Financial planners like to do what they call a “Monte Carlo” simulation to test the strength of their clients’ retirement assets. They reason that simply taking the average return on stock and bond indices over the past 50 years and applying those numbers to yield a straight-line result doesn’t paint a true picture, because the markets go up and they go down, rather than delivering a rate of constant return. Monte Carlo simulations use random elements to build in years with different degrees of negative and positive performance, including during the years when you might be selling some of your portfolio to fund your retirement. The underlying concept is that if your holdings can weather the impact of a few really bad years, they will be a more reliable platform on which to build your retirement plans.
2022 has been the kind of year that Monte Carlo simulations dream about.
It’s hard to overstate just how bad this year has been in the financial markets. It is the proverbial “black swan” year, where every potential target for investment has turned to mud. As CNBC reported recently, the S&P 500 index is down 24 percent for the year, and the Bloomberg U.S. Aggregate Bond Index is down 16 percent. If both stocks and bonds finish the year in the red, it will be the first time that has happened in decades.
That’s not supposed to happen. Every financial planner advises clients to follow a mixed portfolio strategy, because bonds are supposed to hold or increase their value if stock prices are falling. All told, CNBC says this has been the worst year in the financial markets since 1969–when Richard Nixon took office as President, the Vietnam War was still raging, the Beatles were still recording music, hippies roamed the country, and Neil Armstrong set foot on the Moon. In short, it has been a long time since the markets were this bad.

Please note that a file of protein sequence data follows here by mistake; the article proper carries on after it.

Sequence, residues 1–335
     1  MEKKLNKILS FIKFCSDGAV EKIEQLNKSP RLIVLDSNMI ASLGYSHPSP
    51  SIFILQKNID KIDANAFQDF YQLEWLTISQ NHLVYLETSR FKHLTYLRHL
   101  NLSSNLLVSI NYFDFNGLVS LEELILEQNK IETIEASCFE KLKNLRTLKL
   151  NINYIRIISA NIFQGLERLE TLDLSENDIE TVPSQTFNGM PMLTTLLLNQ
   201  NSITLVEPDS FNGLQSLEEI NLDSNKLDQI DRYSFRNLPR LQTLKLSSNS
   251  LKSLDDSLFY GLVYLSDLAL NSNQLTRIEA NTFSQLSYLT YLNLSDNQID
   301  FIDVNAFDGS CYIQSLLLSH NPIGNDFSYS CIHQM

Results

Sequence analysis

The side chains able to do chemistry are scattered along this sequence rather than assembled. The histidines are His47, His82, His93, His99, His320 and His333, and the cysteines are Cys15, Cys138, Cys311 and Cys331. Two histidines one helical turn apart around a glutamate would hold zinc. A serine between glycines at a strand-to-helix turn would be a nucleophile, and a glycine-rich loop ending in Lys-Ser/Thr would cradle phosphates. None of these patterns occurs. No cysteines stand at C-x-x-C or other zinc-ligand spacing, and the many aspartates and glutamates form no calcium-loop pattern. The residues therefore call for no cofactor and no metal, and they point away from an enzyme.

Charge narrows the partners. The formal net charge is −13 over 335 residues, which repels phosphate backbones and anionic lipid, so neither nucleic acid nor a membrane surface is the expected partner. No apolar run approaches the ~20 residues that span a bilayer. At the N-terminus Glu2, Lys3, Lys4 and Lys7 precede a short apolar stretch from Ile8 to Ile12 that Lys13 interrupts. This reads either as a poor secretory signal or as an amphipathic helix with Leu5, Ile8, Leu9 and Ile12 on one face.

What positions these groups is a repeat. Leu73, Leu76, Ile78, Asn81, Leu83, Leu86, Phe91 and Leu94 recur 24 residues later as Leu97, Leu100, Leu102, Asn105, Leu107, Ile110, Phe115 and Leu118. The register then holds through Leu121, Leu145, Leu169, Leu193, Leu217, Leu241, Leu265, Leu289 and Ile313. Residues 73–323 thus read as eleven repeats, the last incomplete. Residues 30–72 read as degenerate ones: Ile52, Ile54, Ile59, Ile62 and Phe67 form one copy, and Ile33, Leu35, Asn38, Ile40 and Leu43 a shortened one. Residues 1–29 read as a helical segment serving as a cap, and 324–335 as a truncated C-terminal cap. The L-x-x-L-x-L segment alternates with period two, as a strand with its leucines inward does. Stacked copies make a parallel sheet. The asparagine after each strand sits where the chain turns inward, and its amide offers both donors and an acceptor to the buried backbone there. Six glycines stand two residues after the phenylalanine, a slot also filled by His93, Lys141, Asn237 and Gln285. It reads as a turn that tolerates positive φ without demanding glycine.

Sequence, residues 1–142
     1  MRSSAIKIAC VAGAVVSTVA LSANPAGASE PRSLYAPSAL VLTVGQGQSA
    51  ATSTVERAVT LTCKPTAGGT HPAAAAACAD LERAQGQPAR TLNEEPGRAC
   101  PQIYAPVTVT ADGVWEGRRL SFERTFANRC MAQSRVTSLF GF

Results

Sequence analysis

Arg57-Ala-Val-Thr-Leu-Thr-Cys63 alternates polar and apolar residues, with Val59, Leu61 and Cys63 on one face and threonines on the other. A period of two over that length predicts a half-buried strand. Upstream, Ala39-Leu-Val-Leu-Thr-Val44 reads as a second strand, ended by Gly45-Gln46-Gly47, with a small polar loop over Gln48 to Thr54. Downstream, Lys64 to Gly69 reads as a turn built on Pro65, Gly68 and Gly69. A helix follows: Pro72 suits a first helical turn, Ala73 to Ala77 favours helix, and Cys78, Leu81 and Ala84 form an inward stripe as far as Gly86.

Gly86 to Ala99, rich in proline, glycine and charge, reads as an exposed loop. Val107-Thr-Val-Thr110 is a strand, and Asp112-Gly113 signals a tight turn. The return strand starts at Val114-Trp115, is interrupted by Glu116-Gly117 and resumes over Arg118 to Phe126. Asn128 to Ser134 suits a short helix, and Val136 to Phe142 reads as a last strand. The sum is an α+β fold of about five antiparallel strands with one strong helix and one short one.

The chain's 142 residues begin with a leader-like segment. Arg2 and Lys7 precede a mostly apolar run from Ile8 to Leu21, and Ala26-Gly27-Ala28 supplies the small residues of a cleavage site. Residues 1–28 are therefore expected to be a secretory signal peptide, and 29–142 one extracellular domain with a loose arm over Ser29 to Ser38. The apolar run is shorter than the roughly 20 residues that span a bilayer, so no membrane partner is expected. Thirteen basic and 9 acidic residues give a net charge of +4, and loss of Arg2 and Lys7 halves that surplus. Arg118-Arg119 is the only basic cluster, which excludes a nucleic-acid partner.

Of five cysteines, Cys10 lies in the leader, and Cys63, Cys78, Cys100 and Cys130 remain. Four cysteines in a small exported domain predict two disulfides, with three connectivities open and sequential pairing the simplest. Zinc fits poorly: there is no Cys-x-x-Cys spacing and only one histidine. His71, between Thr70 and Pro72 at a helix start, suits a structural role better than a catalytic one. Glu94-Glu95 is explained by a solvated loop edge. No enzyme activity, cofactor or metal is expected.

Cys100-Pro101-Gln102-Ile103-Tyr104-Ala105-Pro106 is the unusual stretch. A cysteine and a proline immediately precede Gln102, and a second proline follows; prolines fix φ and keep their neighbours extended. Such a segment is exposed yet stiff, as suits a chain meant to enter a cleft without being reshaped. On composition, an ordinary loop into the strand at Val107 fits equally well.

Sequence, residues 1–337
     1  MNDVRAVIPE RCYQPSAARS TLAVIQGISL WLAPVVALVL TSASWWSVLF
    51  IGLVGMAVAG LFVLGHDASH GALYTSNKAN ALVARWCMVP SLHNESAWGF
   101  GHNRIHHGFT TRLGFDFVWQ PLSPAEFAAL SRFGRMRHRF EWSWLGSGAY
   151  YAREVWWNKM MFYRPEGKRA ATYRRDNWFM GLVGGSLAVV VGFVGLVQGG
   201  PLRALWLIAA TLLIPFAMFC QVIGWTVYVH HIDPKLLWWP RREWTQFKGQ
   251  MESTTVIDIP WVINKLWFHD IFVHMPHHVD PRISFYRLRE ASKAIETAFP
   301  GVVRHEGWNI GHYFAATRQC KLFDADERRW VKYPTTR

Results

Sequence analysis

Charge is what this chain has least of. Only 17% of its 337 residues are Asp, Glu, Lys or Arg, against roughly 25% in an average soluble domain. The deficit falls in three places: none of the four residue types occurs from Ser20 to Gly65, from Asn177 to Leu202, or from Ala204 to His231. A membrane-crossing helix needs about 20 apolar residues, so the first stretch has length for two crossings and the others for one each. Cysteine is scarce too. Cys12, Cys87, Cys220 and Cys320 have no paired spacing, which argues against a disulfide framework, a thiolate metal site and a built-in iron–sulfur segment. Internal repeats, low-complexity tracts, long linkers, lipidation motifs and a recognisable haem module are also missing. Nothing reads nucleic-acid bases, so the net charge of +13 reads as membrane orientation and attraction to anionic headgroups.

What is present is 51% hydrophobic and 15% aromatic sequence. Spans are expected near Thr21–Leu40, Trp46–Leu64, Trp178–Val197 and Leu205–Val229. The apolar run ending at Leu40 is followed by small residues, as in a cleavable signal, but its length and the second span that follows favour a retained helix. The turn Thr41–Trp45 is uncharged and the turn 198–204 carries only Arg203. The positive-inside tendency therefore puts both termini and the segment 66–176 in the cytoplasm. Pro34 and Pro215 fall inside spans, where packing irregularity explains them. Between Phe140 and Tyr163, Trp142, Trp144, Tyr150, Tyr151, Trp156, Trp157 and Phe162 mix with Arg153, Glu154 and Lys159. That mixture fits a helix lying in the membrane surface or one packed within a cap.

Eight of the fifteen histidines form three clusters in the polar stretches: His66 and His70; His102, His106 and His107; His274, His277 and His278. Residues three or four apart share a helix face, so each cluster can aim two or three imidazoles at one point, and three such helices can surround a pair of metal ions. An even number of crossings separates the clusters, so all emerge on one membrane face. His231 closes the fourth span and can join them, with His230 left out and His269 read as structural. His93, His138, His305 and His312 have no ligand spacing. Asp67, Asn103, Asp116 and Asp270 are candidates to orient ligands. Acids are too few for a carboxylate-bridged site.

The CNBC article notes that these terrible black swan years tend to happen when multiple negative economic factors converge. This year, those factors include persistent inflation, rising interest rates in response to the inflation, and a recession that is either here or on the immediate horizon–the financial types can’t quite decide which. You could also add an energy crunch, supply-chain issues, a volatile housing market, and a shooting war between Russia and the Ukraine to the mix of troubling developments.
The “Monte Carlo” name is supposedly based on the casinos in that tiny nation, where random chance plays such an important role in whether you win or lose. This year, the “Monte Carlo” name suggests that investing has been a gamble–and thanks to all of the negatives the dice have come up snake eyes.